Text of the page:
Over time, via collaborations with groups outside of pharmacy, like the National Center for Farmworker Health, and eventually via leadership roles in organizations like the APhA, Leal went from directly providing patient care to influencing policy on a broader scale—an unexpected turn for her career, but a necessary one for improving the lives of many.

“I wish you the same success in forging your own path. If you see injustices or things that you don’t like, don’t complain—activate and advocate for them to change,” said Leal. “It won’t be easy, but if you don’t do anything, then things will continue to be the same. And that’s simply not good enough.”

La wins Bowl of Hygeia Award

Golden bowl with a snake figurine, on top of a certificate reading Jennifer La

The Bowl of Hygeia, the School’s highest honor for a graduating PharmD student, was awarded to Jennifer La, PharmD ’22.

Halfway through the ceremony Kearney announced La, one of the student speakers, as the 2022 winner of the Bowl of Hygeia. Cheers accompanied La as she accepted the bowl from the president of the UCSF Pharmacy Alumni Association, Mahtab Jafari, PharmD ’94.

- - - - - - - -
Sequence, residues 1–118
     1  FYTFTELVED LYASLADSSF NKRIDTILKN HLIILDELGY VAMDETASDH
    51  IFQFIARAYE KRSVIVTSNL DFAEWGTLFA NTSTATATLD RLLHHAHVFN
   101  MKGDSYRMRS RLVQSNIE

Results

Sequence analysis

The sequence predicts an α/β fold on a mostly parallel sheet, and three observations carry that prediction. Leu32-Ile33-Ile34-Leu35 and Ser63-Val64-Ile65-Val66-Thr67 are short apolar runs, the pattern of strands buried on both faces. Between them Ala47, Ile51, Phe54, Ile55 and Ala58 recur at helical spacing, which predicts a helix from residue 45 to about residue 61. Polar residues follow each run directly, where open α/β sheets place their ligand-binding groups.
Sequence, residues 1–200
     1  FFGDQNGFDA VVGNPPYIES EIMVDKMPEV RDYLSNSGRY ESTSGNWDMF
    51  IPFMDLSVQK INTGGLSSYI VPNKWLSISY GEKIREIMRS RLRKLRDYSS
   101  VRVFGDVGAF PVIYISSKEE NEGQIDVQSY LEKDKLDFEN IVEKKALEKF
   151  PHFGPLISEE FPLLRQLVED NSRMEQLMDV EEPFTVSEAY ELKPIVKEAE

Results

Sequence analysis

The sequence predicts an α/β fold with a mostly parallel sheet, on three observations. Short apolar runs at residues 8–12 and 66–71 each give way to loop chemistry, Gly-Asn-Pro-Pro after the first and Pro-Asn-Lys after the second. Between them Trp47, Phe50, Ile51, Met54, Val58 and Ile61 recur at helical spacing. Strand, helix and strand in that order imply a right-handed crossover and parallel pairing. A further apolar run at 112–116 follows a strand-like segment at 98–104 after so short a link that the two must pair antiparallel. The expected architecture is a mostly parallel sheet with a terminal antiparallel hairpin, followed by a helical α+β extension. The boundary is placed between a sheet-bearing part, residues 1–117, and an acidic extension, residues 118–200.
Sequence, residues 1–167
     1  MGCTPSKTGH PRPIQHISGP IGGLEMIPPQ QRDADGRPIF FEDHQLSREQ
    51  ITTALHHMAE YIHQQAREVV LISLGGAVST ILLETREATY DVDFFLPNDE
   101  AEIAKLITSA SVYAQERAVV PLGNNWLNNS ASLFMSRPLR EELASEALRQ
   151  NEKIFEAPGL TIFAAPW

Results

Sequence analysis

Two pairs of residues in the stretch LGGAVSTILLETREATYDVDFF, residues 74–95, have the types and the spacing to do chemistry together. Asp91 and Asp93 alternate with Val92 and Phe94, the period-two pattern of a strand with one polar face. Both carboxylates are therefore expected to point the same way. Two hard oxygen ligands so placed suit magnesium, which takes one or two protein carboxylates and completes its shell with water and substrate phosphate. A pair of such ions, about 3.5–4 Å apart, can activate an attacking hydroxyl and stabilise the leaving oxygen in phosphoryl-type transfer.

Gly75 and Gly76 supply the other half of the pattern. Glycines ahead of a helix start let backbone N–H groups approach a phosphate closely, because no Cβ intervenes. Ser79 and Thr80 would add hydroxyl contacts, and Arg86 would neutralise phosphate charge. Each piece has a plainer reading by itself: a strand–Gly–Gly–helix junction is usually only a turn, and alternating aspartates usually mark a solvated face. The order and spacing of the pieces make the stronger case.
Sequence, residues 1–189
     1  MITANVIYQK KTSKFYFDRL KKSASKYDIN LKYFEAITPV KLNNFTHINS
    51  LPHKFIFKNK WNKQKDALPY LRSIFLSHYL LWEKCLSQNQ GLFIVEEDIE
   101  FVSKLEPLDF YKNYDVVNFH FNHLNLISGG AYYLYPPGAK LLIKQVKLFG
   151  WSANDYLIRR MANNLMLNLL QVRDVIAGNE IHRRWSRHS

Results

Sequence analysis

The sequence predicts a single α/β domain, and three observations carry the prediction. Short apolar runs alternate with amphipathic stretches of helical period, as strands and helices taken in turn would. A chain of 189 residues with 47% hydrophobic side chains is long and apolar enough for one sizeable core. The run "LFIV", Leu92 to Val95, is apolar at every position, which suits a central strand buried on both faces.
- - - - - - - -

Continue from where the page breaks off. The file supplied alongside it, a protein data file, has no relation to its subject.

Kearney described the first-generation graduate as, “the epitome of the pharmacy student.”

The other nominees—Darra Drucker, PharmD, Mitchell Tam, PharmD, and Christopher Nowak, PharmD—also took the stage to receive their plaques and acknowledgement from Kearney. The final nominee, Richard Ishimaru, PharmD, who was unable to attend the event, tuned in virtually.

Graduates assume the responsibility of health care provider

Kearney welcomed UCSF Chancellor Sam Hawgood, MBBS, to the stage to confer the doctor of pharmacy (PharmD) degree on the graduates.